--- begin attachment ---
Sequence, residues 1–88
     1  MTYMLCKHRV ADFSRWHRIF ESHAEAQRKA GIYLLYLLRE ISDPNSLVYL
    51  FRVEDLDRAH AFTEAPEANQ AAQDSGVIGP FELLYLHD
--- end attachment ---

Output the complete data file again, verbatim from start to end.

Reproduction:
Sequence, residues 1–88
     1  MTYMLCKHRV ADFSRWHRIF ESHAEAQRKA GIYLLYLLRE ISDPNSLVYL
    51  FRVEDLDRAH AFTEAPEANQ AAQDSGVIGP FELLYLHD